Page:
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Committed to conservation and development

Minister of Environment and Tourism, Hon Netumbo Nandi Ndaitwah attended the adventure travel summit in Switzerland.

Minister of Environment and Tourism, Hon Netumbo Nandi Ndaitwah attended the adventure travel summit in Switzerland.

Namibia made history when it became the first African country to win the bid to host the 2013 Adventure Travel World Summit. According to the Ministry of Environment and Tourism, the concept of Communal Conservancies and its potential for tourism is one of the aspects that helped swing the ballot in Namibia’s favour. “[This is] among the success points that contributed to the country’s globally significant achievements as a destination committed to finding a balance between conservation and community development,” according to the ministry.
As one of few countries in the world with conservation and environmental management mandated in the Constitution, Namibia’s approach to conservation is holistic and inclusive both in terms of maintaining ecological integrity and the rights of communities to benefit from its natural resources. “Our nation is committed to the balance between conservation and community development. We know that this is the major reason for our success, the opportunity to showcase our conservation commitments to the adventure travel industry,’’ said Hon. Minister Netumbo Nandi Ndaitwah, who travelled to Switzerland where the flame of the Adventure Travel World Summit was passed to Namibia.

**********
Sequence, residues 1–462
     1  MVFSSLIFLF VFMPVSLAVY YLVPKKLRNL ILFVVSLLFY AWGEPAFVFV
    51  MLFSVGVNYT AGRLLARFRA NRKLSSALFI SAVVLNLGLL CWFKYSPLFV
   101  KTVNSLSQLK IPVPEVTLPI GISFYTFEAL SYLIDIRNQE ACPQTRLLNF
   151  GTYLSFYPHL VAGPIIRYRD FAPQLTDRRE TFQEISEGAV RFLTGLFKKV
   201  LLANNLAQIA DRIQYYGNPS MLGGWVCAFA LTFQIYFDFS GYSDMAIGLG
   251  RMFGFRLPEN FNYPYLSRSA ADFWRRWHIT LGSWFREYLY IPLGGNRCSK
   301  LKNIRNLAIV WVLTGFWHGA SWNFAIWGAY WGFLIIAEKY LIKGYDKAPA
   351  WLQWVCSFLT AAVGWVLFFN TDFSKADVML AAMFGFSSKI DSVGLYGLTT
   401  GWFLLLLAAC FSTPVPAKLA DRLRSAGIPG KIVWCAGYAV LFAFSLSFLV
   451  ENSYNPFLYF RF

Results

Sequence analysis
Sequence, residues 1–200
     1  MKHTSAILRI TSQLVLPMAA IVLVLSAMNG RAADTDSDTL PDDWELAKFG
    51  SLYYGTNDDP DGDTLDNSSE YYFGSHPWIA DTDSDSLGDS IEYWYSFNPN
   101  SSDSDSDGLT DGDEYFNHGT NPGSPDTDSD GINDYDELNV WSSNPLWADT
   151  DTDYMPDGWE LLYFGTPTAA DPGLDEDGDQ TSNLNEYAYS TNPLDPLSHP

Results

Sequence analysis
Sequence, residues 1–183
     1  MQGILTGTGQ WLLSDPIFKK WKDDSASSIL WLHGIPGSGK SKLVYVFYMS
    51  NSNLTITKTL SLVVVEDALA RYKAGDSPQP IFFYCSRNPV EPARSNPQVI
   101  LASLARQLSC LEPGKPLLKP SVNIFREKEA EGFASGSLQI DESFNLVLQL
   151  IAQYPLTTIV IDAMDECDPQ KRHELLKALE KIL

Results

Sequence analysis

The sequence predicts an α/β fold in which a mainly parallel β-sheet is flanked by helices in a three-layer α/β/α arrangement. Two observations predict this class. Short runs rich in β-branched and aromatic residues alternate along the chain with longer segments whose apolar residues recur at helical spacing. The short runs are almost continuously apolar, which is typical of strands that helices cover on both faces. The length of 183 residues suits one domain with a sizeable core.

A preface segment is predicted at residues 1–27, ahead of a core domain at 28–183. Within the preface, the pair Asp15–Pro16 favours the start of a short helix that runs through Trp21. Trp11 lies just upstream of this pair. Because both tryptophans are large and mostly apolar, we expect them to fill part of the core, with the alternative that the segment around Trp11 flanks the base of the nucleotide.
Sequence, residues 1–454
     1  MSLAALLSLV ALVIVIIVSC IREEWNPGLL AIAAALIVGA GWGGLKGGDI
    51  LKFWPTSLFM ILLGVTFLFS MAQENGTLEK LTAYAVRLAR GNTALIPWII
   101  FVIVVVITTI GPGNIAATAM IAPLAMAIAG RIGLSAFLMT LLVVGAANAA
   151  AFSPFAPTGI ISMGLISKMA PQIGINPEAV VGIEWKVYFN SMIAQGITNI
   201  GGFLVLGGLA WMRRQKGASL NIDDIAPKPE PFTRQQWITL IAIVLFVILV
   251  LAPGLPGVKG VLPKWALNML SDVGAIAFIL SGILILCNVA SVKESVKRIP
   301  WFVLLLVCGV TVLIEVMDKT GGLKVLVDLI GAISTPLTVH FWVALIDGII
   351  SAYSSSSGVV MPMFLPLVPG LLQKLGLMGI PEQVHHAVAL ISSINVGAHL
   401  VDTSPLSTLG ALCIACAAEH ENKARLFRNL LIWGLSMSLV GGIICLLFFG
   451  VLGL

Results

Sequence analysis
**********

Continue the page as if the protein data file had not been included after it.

Since Independence, the percentage of land area under some form of conservation management has expanded from 13% to 42%. According to the ministry, this is just one of the examples where the country’s well-considered approach to conservation, the environment, its people and their resources, have proven successful not just for the nation but in setting an international example of protection and responsible resource utilisation.
The first four conservancies were registered in 1998 and today, there are over 76 registered communal conservancies covering over 18% of the land area and directly benefiting over 250,000 rural Namibians. Only recently, Namibia established the largest national park in Africa and is the only country in the world with an entirely protected coastline. Within the Communal Conservancy Tourism Sector, there are over 40 formal joint-venture lodges and camp sites that work in collaboration with their host communities.
Namibia’s conservation policies and community based natural resource management have not only changed the conservation landscape but have also changed lives. The ministry emphasised that through conservancies, previously disadvantaged communities have a voice in the management and benefits of living with wildlife and have set a global example for environmental stewardship.
Known as the cheetah capital of the world, Namibia is also the only country in Africa with an expanding, free roaming lion population and there has been a dramatic decrease in poaching to almost negligible levels today. In contrast with other destinations in the region, Namibia is translocating a critically endangered species, the black rhino out of national parks to communal conservancy land areas. Globally recognised as a leader in community-based conservation, Namibia has garnered such prestigious recognition as the 2012 Markhor Award for Outstanding Conservation Performance in recognition of its exceptional wildlife conservation programme.

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